Response to THINGS listening and reading
Things are very important to me. I form attachments quickly, and hold a deep appreciation for the history of the items I have. The older and more used a thing is, the more affection I have for it.
One way that I see the influence of my relationship with things influencing my making is my need to have a personal hand in the history of the piece I create, versus machine-made. Working with my hands adds a humanity to the piece—the straight cuts are more impressive, the mistakes a part of a story of the piece’s making. The piece and share a piece of history, at different times meditative, transformative, or turbulent.
If Doris Salcedo is a secondary witness, then her artwork is a testimony and her objects are evidence. In Radiolab’s first story, the egg also served as proof of something. When I make pieces, I think I am often trying to make my own kind of document, but not of a physical event. I believe I am trying to manifest evidence or documentation of internal or intangible phenomena.
As Jaki said, nothing is built from scratch, though sometimes we like to pretend they are. My paper artwork is almost always made from new paper. I do this so that the medium does not bring its own history into the piece. I often feel that the material’s individual, tangible history would misrepresent the intangible phenomenon I am after. Even the history-less-ness of the paper holds meaning in my work.
Can I use material with no history or with irrelevant history to document or testify to events that have no physical evidence or documentation? Is work that tries to represent the intangible rooted in fiction, or can it still possess truthfulness? Is there a formula for making work that isn’t rational make sense?
MFA Documentation - Continued Artist Research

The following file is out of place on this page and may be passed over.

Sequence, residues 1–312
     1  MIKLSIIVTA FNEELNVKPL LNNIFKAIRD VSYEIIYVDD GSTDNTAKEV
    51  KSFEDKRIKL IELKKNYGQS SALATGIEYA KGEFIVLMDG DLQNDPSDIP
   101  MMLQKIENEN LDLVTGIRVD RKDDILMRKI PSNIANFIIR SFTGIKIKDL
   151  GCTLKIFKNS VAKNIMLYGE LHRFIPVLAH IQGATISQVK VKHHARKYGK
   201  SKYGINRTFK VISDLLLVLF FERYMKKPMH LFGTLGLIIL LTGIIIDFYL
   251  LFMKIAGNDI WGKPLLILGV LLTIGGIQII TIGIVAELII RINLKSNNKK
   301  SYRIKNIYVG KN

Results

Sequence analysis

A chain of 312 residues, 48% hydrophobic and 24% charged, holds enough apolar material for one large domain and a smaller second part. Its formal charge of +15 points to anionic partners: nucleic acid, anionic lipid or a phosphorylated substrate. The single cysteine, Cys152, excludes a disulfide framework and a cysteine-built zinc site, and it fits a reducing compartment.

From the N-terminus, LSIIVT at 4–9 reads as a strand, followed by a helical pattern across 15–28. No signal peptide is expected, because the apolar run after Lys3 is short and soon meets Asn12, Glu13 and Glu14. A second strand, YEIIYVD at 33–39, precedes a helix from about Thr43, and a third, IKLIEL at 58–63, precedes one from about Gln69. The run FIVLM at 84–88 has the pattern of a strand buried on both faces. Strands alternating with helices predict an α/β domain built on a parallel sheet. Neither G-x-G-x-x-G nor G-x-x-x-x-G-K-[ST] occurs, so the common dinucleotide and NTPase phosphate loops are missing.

Focusing on my goal of experimenting with kinetic sculpture, I revisited two artists whose work initiated this desire for me.
With the idea of kinetic sculpture in the realm of possibility, I expanded my artist research to look for other kinetic artists that resonated with me. The number of kinetic sculptures in existence is overwhelming, but it was helpful to be able to identify distinctly which pieces felt like a path I'd like to go down and which pieces felt alien to me. Several artists and works appealed to me, but a few stand out as potential influences.
Proposal of Sorts
For MFA Sculpture, I would like to develop a small body of kinetic, mechanical works that have the potential to benefit from learning new wood and metal skills. These pieces will employ movement as a means to either imbue liveliness or, hopefully, create a narrative. Figures may be represented or implied. Paper may be employed.
The first step for theses works would be a short study of mechanical movement, not unlike Wolf Cat's, working to quickly employ various mechanisms on a small scale. These would be documented mechanically, but would also lead to sketchbooking the potential uses and movements the mechanisms could be applied to. This step would be done alongside learning new tools.
After the study, I begin the first piece, still small in scale, based on a design that emerges from the study. The primary goal would be to create a finished, mechanical piece, but also to work on how I plan a mechanical element and to see what additional skills I need to create it. For example, a more precise way to bend wire or to learn to create functional gears.
From there, I would like to make an additional 3-8 works, depending on scale and complexity, that can grow technically and conceptually.
1. Figure Sculpture vs MFA Sculpture
While I feel it is very important for me to learn to sculpt the figure by shadowing this class, I feel its impact on the work I'd like to do may be limited.
2. More than I can chew
It's possible that this is too ambitious.
3. Conceptual relevance
I have an interest in storytelling and cycles, which I feel like these sculptures may lend themselves to, but I want to do this in a way that is refined and not elementary.